29 Oct 2000 1200H
The temporary truck/train encampment stirred into life as Maks’ train was given clearance to continue on to Soviet-held Zgierz. From there, they would continue on to Łódź. The Baron’s representative, Maj Wilk, would negotiate trade relations. Maks wanted coal for the long trip by rail to Bremerhaven.
Arriving in Zgierz, Maks could see the stories were true. The Soviets here were indeed sitting on mountains of coal mined over the last summer. They were also well-protected, with two heavy gun emplacements covering the tracks and nearby highway. Maks recognized one of them as a turret from a T-72, salvaged and placed onto a hardpoint. Another placement appeared to be built around a turret from an American M-60 tank.
Turrets (and so many other relevant military objects) at this site.
The Soviets had their own train waiting for them in Zgierz. Maks’ train was directed to a siding, and Maks, Wilk and Bowen travelled alone to Łódź.
The view from the Soviet train was impressive. Łódź was still a mostly-functioning city, and perhaps an economic equal to Kraków. Maks also noted that despite the metropolis being held by the Sov 20th Tank Division, and the HQ of the 4th Tank Army, he saw no tanks. Other than the salvaged turrets of course.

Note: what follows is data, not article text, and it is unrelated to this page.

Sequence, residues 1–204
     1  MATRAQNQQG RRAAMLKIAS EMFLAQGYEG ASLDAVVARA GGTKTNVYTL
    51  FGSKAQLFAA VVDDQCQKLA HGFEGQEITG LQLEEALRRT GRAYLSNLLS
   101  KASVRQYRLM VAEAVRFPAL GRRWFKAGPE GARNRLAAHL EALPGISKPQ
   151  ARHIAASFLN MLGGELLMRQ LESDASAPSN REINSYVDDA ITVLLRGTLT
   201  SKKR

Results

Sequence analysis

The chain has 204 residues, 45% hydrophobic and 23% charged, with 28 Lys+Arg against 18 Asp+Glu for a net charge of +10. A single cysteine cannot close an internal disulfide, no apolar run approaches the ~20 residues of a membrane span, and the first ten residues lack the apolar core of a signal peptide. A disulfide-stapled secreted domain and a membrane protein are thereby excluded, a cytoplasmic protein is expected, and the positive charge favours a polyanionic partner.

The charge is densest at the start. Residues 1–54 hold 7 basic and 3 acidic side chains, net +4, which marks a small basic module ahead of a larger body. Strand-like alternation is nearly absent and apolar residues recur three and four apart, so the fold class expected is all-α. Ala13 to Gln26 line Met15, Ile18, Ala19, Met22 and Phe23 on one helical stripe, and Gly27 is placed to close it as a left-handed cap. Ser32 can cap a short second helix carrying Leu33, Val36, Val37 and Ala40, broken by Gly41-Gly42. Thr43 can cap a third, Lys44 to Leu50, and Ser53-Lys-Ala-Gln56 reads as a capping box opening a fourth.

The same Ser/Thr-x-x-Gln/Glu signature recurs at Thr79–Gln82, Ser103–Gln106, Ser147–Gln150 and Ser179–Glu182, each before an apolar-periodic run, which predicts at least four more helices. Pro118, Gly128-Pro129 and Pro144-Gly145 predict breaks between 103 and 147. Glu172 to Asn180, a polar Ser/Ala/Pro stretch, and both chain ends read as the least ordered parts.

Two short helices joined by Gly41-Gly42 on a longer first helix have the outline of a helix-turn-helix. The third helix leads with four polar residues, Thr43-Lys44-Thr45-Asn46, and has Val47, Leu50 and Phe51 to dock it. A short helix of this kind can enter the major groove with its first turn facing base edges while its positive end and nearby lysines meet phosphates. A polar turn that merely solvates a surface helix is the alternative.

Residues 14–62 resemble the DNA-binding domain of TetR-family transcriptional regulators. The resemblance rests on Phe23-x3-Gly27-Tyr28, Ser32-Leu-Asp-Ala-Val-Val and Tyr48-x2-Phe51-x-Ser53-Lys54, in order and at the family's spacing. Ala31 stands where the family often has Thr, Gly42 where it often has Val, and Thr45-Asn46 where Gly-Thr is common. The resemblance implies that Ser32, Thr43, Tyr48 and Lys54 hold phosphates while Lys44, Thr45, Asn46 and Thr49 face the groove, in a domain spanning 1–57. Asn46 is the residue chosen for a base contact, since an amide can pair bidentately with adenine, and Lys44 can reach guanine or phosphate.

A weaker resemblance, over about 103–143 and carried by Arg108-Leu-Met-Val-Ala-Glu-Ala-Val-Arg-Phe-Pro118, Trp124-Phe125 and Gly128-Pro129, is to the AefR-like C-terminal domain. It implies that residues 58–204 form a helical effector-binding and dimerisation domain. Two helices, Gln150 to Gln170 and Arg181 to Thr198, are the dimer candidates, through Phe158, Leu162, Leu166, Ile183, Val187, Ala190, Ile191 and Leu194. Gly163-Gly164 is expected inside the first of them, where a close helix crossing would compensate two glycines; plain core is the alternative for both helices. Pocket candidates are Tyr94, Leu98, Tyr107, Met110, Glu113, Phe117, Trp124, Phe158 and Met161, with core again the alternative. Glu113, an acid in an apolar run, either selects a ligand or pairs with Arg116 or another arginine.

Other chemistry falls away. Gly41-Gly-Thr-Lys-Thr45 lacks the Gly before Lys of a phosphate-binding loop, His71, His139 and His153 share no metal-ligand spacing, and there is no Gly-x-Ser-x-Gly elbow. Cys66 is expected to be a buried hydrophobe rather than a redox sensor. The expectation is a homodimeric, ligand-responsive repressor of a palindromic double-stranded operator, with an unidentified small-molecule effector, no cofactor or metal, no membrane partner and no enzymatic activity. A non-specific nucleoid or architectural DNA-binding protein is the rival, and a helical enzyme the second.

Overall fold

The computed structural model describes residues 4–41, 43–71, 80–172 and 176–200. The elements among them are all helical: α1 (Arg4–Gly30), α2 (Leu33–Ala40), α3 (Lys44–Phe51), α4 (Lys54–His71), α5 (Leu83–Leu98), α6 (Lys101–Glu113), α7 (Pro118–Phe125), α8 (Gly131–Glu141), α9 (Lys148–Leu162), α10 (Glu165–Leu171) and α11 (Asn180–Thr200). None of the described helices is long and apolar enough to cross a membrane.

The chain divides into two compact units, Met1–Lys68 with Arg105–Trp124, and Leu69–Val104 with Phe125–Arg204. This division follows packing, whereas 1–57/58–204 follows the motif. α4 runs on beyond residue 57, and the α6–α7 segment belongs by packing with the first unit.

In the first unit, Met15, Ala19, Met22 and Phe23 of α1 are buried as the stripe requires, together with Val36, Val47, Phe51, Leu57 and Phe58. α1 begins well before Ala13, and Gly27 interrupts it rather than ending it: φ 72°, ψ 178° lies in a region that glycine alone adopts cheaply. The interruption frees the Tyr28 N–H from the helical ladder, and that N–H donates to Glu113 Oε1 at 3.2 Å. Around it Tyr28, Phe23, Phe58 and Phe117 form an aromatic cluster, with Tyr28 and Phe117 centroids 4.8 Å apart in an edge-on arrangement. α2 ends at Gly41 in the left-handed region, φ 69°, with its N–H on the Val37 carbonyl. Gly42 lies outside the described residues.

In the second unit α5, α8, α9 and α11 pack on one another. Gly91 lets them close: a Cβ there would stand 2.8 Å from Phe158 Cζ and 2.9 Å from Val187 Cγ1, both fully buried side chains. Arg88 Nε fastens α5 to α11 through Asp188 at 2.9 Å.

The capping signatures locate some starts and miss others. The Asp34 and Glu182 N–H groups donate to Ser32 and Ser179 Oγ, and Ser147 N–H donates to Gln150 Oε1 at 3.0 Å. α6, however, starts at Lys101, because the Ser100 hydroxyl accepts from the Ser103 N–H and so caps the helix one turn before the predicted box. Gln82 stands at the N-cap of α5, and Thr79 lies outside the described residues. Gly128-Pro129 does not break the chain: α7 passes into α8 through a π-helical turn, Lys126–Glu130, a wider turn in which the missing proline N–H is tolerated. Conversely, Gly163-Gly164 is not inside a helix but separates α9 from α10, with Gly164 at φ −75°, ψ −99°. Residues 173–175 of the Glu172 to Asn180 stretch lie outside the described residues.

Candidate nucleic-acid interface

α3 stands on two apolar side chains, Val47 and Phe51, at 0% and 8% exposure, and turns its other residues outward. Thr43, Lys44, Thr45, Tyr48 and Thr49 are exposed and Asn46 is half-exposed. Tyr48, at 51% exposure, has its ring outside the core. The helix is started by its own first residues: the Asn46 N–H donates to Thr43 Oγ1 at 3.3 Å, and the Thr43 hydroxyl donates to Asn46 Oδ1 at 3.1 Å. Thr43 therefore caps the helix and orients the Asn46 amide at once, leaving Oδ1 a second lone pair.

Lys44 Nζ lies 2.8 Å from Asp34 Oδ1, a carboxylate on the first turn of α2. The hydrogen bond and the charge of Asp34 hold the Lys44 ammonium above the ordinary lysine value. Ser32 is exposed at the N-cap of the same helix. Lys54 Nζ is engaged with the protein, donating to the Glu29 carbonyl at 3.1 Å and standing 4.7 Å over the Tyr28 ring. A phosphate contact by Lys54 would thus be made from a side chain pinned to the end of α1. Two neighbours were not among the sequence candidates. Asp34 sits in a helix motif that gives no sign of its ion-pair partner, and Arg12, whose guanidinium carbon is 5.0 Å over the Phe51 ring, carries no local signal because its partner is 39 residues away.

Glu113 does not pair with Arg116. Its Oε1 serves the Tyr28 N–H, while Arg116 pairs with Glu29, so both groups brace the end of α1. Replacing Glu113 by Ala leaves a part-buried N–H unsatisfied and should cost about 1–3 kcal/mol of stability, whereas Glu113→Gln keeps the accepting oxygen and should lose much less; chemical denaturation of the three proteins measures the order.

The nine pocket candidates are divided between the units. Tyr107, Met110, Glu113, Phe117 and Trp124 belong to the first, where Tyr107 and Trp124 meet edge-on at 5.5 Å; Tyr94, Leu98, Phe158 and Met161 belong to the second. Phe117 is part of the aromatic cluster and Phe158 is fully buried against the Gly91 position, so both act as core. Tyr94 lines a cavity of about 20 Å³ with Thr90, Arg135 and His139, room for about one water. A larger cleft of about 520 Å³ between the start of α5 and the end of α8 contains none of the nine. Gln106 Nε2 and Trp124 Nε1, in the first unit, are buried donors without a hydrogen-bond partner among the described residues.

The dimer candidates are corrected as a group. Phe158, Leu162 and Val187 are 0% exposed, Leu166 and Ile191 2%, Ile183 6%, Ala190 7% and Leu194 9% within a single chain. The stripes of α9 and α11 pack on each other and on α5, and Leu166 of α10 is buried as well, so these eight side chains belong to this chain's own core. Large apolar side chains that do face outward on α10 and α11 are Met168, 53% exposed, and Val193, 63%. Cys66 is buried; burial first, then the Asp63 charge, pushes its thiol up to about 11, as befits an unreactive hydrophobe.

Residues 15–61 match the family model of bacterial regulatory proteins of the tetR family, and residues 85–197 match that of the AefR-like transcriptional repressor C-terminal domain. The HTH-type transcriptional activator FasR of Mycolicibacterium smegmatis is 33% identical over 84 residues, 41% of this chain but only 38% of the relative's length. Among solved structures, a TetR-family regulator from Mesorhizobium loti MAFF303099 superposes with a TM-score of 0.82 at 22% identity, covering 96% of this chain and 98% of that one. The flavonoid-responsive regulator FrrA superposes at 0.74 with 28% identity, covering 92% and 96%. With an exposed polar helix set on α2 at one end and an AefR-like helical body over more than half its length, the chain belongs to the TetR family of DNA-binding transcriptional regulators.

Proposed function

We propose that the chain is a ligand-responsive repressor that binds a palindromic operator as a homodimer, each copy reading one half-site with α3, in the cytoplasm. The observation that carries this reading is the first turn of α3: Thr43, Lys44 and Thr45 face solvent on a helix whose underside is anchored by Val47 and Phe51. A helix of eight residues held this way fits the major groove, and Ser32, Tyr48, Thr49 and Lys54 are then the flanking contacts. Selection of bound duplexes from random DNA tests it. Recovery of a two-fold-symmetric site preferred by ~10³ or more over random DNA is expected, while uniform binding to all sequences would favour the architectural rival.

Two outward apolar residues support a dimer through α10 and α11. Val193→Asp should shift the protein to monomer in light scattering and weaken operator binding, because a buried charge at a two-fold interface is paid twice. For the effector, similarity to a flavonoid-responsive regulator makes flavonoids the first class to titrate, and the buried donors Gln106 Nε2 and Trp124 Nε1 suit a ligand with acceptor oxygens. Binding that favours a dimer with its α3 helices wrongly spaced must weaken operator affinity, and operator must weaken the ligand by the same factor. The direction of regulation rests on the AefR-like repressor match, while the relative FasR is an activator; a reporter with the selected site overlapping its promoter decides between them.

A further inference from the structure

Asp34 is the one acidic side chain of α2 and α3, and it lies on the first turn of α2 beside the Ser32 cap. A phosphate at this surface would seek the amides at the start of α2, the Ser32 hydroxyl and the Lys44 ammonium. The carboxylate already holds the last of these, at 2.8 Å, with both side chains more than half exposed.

Once in Łódź, they were transported to the opulent Herbst Palace Museum, which the Soviets had taken over as their headquarters
Maks rolled his eyes, as the setting was at odds with communist ideals. As a Pole, he well knew the abundant hypocrisy of the communist elite.
Major Wilk went in first, and Maks was directed to sit and wait. And wait. And wait.
After several hours, Wilk came out. He and Soviets seemed upbeat. He nodded at Maks and departed, as Maks was directed into the room with the Soviet officers. Bowen was directed to remain outside.
In the room waited a Soviet general and a colonel. And guards at each door.
20th TD: General R.N. Zhelnin [Diamond King “Selfish”; Spade 6 “Moderately ambitious”] Aging, doesn’t look well.
124th MRD liaison from Piotrokow: Col Suvorov [Club Ace “War leader”; Spade Ace “Charismatic”]. Young. Has an arm in a sling.
In Russian, Suvorov greeted Maks. “Lt. Col. Maksymilian Zając [Zay-onts]. It’s a pleasure to meet you.” Maks greeted him warily.
Maks cringed inside, as he realized they’d met earlier in Piotrokow, at the food meeting with General Mikhailov, CO of the 124th MRD. Except then Maks was disguised as “Captain Sławomir Młynarski”, a loyal Polish officer. Did Suvorov recognize him?
I use Interrogation as a sort of “verbal combat” ability, and the skill that lets you “read people”. I had my brother roll a Difficult:Interrogation to see if he could sense recognition from Suvorov. Success! I told him that the colonel did seem to note Maks with faint surprise, but he said nothing.